Sharon Noble of the group Coalition to Stop Smart Meters.

Smart meter holdout fees get interim approval

Regulators still to consider BC Hydro's rationale for extra charges to opt out

Opponents of wireless smart meters are vowing to continue their fight against BC Hydro after the B.C. Utilities Commission granted interim approval of extra fees that will be charged to holdouts.

Regulators have set out a three-month process to consider the grounds for the fees, which the province has mandated by cabinet order to recoup millions of dollars in extra costs to accommodate customers who opt not to have a wireless meter.

The utilities commission can’t scrap the fees, but it could decide they’re too high and order Hydro to lower them and refund the difference.

Sharon Noble of the Coalition to Stop Smart Meters said opponents have registered for intervenor status and will urge the commission to delay implementation of the fees while a class action lawsuit against Hydro is before the courts.

“They want to get the fees in place so people feel the pinch as soon as possible and stop resisting,” Noble said, calling it a strategy to break the planned legal challenge.

She said it’s “unconscionable” for the fees to go ahead before opponents get their day in court.

“This is just one more way of intimidating people,” Noble said. “I’m getting 300 emails a day from people who are furious and can’t afford this.”

About 60,000 households that have refused wireless smart meters have been notified of the pending fees.

They’ll pay $35 a month extra starting Dec. 1 if they opt to keep their mechanical meter or if they fail to make a choice, as it’s the default option.

They can instead choose a smart meter with the radio transmitter disabled for a $100 setup fee plus $20 a month for manual readings, starting in April.

The only way to avoid paying more is to agree to take a smart meter.

Holdouts who keep their old meter or go transmitter off but who later move to a new home that already has a wireless smart meter will be able to get its transmitter turned off for a further $155 one-time fee.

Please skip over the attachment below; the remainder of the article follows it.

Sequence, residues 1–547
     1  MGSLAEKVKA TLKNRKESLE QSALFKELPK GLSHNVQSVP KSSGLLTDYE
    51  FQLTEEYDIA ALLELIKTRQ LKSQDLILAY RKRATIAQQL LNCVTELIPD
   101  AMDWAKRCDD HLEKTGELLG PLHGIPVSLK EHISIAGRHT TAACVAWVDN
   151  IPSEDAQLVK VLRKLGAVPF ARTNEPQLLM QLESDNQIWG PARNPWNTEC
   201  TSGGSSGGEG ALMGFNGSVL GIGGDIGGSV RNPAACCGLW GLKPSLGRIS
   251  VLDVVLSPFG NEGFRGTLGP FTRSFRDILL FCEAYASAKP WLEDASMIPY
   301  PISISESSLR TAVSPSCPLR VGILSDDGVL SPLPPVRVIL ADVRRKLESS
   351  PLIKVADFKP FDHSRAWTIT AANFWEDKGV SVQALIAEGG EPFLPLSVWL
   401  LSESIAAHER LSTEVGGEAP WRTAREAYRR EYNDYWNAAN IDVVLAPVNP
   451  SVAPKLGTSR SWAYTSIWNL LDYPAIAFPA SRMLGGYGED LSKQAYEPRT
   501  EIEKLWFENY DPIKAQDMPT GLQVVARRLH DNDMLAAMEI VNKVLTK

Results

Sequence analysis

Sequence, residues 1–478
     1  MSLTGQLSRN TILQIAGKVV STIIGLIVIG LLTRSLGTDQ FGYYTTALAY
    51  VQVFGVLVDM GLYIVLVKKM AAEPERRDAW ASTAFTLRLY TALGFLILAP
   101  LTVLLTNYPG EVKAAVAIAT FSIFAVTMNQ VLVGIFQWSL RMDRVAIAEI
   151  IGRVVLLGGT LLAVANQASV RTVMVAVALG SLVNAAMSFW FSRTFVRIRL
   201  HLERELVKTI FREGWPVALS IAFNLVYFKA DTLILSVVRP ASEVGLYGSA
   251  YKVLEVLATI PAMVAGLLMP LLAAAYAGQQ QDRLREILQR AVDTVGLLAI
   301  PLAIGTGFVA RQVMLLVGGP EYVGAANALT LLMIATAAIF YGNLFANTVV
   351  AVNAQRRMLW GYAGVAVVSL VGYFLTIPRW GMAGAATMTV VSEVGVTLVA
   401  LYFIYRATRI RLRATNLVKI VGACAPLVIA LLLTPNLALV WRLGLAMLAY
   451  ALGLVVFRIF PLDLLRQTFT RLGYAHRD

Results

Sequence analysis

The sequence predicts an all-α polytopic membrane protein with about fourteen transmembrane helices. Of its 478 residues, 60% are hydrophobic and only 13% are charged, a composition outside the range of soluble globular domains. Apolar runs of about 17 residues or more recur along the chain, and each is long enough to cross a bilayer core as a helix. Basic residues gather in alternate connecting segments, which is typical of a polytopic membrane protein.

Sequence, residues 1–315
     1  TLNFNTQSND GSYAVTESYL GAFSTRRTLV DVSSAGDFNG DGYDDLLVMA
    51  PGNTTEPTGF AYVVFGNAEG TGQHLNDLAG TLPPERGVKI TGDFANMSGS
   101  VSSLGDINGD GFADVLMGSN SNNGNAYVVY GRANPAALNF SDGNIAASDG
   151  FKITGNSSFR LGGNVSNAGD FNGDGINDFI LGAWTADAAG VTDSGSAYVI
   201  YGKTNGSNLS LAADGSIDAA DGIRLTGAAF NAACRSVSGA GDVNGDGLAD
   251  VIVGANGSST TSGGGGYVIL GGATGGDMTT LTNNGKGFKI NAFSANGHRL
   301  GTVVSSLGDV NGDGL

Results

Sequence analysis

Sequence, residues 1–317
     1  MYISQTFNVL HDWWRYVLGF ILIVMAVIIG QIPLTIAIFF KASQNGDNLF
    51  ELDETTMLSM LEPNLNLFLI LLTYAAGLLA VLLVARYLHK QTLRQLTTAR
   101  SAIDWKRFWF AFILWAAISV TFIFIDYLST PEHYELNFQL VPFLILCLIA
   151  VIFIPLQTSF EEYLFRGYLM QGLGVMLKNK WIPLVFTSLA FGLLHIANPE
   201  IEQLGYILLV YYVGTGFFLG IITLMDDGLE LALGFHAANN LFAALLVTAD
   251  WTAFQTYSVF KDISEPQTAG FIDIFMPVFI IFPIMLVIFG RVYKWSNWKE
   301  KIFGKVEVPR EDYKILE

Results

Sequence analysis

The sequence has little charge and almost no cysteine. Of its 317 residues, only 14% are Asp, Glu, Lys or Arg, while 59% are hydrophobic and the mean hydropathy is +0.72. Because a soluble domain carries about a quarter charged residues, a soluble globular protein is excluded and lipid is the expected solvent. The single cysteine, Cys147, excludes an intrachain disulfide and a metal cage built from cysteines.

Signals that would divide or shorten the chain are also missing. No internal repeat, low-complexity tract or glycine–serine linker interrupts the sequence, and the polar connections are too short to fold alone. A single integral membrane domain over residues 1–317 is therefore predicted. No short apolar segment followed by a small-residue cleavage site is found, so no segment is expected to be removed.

Also approved is a “failed installation” fee effective Oct. 25 that charges customers $65 each time technicians are turned away or obstructed from accessing a household’s meter.

That’s based on a cost of $55 for the technician’s visit and $10 for answering an estimated five-minute call to Hydro’s call centre.

Hydro’s application for the monthly fees spells out a range of associated costs, including staff, vehicles and equipment for manual meter readings, changes to smart grid software and hardware, and the cost of extra checks with specialized meters to detect power theft in areas with analog meters.

Opponents say the proposed fees are exorbitant and out of line with opt-out options offered by other North American power utilities that have moved to smart meters.

Just Posted

Hospital apologizes for veteran’s five-day hallway stay

Clinical director of VGH says case of retired 77-year-old veteran ‘definitely excessive’

Colwood applies for $325k to replace stairs in Latoria Creek Park

More than 200 residents sign petition to support grant application

Sooke takes a step toward Lot A plan

Final proposal anticipated for the end of February

Greater Victoria rugby players named to national Hall of Fame

Former Canada captains, Oak Bay’s Mark Wyatt and Victoria’s Hans De Goede to inducted this spring

What to know before you tow: Langford bylaw weighs in

Officials don’t recommend personal towing, like viral video viewed 42,000 times and counting

Canada’s archive buys rare book that hints at Nazi plans for North America

The 1944 book may have served as a blueprint for a Nazi purge

Teravainen’s 3 points lift Hurricanes to 5-2 win over Canucks

Vancouver heads into all-star break on losing note

UPDATE: Trees affecting travel at Comox Airport have been trimmed

Some YQQ flights have been rerouted or cancelled due to some trees impacting the safety margins

47 men arrested by Vancouver police for allegedly seeking sex with teenage girls

Seven of those arrested have been charged as part of a two-month operation

Speaker Darryl Plecas says ‘justice’ needed for legislature employees

Plecas spoke to media at the opening of a pedestrian and cycling bridge in Abbotsford Wednesday

Advocate hopes B.C. legislature scandal leads to more transparency

‘Depressing’ that it takes a scandal to inspire freedom of information reform, says Sara Neuert

‘Dr. Lipjob’ avoids jail, gets 30-day suspended sentence

She will have to serve the 30 days in prison if she commits a breach during her two-year’s probation

Ex-Mountie involved in Taser death at Vancouver airport sues government

Kwesi Millington claims he acted in accordance with RCMP training

LETTER: Seniors home care, day programs expanding, Adrian Dix says

B.C. health minister responds to latest Seniors Advocate report

Most Read